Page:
Raytheon to begin production of upgraded AMRAAM missile with new guidance section
Aircraft missile experts at the Raytheon Co. are gearing-up to produce an upgraded version of the U.S. Air Force and Navy AIM-120 Advanced Medium Range Air to Air Missile (AMRAAM) to extend the missile’s lifetime well into the 2020s.
EGLIN AIR FORCE BASE, Fla. — Aircraft missile experts at the Raytheon Co. are gearing-up to produce an upgraded version of the U.S. Air Force and Navy AIM-120 Advanced Medium Range Air to Air Missile (AMRAAM) to extend the missile’s lifetime well into the 2020s.
The latest version of the Raytheon AIM-120 Advanced Medium Range Air to Air Missile (AMRAAM) will have an upgraded guidance section.
Officials of the U.S. Air Force Life Cycle Management Center at Eglin Air Force Base, Fla., announced nearly a half-billion-dollar order for a redesigned AMRAAM missile with a new guidance section.
The Air Force is awarding Raytheon Missile Systems in Tucson, Ariz., a $523.1 million order for AMRAAM production lot 31, as well as for AMRAAM production lot 32 missiles and other AMRAAM system items. The contract involves foreign military sales to Japan, Kuwait, Poland, Indonesia, Qatar, Germany, Australia, and the United Kingdom.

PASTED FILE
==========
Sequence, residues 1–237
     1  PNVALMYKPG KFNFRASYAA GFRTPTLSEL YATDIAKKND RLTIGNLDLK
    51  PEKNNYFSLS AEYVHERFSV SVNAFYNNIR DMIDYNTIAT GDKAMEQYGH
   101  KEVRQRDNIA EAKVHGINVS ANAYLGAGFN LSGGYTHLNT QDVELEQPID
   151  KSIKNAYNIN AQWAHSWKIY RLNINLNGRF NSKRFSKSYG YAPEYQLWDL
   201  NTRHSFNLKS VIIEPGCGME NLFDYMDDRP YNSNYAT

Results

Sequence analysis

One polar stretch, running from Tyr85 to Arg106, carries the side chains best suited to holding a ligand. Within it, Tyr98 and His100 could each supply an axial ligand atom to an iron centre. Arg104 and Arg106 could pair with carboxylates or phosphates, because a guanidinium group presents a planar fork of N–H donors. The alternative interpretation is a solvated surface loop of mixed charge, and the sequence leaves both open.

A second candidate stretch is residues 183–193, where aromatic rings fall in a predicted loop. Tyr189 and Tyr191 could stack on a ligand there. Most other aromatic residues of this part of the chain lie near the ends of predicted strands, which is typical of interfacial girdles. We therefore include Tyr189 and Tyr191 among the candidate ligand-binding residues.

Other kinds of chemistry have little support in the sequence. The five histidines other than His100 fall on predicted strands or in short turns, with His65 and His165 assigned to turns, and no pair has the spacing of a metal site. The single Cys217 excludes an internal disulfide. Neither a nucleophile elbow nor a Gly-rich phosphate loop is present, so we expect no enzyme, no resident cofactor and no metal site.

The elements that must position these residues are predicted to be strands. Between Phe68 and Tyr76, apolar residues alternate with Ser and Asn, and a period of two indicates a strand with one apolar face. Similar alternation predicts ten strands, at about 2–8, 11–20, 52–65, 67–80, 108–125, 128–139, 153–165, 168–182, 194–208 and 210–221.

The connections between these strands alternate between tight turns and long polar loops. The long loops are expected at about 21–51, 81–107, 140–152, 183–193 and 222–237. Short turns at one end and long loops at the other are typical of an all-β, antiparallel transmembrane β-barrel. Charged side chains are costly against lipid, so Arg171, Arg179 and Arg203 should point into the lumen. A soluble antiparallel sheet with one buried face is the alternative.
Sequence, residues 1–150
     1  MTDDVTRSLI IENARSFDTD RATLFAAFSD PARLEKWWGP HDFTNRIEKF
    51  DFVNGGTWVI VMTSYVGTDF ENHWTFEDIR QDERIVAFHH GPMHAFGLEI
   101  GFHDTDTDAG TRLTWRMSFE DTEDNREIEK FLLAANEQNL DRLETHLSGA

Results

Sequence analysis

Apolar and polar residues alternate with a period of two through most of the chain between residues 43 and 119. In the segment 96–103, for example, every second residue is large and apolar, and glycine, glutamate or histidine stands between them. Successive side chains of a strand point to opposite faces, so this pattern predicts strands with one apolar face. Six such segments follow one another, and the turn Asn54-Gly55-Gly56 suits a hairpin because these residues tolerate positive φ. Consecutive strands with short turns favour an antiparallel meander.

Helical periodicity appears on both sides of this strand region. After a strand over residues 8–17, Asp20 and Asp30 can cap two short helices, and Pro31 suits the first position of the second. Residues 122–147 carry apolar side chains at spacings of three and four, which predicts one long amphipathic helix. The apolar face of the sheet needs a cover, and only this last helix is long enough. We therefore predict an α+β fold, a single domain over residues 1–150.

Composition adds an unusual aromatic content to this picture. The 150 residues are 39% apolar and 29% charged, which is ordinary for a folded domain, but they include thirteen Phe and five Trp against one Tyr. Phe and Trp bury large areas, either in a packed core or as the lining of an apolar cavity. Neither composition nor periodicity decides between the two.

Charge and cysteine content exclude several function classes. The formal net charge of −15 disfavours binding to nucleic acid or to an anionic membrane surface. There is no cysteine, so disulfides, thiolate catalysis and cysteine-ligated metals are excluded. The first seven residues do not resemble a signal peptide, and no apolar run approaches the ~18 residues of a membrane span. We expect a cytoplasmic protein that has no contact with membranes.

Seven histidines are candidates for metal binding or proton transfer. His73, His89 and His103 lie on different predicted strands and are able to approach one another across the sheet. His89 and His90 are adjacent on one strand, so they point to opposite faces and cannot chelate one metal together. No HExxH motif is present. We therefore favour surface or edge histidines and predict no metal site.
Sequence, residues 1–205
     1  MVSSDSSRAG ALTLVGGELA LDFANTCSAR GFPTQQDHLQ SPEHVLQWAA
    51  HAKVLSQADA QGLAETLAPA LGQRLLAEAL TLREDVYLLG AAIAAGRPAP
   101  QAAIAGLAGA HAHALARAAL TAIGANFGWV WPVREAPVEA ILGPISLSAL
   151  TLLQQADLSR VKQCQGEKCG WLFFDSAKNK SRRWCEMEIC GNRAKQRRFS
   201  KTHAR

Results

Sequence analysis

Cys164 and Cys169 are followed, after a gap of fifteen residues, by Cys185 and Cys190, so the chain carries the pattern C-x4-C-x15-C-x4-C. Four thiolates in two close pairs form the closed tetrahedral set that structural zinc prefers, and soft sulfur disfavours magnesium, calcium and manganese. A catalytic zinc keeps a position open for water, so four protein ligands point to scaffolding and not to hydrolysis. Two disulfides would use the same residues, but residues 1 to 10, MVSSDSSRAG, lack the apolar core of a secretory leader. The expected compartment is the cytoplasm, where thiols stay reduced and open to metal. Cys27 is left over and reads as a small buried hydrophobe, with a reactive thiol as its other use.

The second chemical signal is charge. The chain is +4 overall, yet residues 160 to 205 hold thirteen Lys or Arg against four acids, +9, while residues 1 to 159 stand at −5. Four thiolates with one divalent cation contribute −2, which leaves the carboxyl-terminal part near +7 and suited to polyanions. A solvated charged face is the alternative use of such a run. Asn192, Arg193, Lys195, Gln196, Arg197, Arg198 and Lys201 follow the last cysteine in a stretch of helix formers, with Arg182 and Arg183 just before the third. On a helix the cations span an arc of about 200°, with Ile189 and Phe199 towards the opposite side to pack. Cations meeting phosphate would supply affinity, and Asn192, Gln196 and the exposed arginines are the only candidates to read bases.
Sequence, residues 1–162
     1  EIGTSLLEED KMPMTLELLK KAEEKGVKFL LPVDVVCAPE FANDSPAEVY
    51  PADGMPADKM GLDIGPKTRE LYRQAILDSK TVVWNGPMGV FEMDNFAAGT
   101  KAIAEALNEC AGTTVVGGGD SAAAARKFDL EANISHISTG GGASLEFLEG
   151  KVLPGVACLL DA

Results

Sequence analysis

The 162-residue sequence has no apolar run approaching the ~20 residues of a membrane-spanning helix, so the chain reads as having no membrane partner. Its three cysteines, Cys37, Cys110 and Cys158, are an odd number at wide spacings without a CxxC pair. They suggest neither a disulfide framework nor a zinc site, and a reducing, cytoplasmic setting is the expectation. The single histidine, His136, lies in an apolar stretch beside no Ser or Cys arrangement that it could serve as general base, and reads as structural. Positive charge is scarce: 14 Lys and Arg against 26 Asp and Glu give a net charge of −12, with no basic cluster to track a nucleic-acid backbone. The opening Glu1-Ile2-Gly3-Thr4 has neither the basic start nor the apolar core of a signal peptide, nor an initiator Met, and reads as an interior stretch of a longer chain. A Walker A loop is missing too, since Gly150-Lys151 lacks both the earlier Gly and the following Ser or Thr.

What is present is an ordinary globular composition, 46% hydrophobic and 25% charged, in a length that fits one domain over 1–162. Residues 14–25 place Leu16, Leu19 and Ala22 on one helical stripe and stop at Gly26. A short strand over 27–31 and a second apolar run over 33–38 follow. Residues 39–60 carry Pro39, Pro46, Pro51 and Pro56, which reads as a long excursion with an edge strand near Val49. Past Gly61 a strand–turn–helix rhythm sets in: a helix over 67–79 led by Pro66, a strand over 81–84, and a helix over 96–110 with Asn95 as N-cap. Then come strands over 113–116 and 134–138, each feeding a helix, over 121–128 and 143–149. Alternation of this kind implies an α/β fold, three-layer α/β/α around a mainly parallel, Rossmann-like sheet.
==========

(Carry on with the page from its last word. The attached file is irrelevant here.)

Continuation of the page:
AMRAAM lot 32 is expected to be the first batch of production missiles that integrate the Form, Fit, Function Refresh (F3R) of the AMRAAM guidance section.
The Air Force’s AMRAAM F3R project is a comprehensive effort to mitigate the effects of parts obsolescence and diminishing manufacturing sources in the missile’s guidance section to enable AMRAAM production beyond lot 31.
The Air Force and Navy AMRAAM is one of the nation’s most sophisticated radar-guided, air-to-air missiles, and one of the world’s most advanced all-weather, all-environment, medium-range, air-to-air missiles for engaging enemy aircraft and missiles from beyond visual ranges.
AMRAAM is an active radar-guided intercept missile with inherent electronic protection capabilities for air-to-air applications against massed penetration aircraft. AMRAAM has been in service since 1991, and was designed to replace the AIM-7 Sparrow air-to-air missile.
Raytheon won a $573 million order in March 2016 for AMRAAM lot 30 production. Each AMRAAM lot roughly consists of 400 to 500 missiles.
Mitigating the effects of obsolescence and diminishing manufacturing sources can involve the substantial redesign of subsystems by replacing electronic chips and other components that the original manufacturers no longer can produce.
In 2015, Raytheon experienced technical difficulties with the AMRAAM F3R application-specific integrated circuit (ASIC) design, hardware integration, and guidance section performance demonstration, which delayed the program’s critical design review (CDR) for a year.
In January 2017, Raytheon officials announced a project to develop a new signal processor for the AMRAAM under the F3R project to help ensure AMRAAM production well into the 2020s. Air Force officials say they plan to cut F3R technology into the latter part of AMRAAM lot 31 production in 2019 or 2020.
On this order, Raytheon will do the work in Tucson, Ariz., and should be finished this month.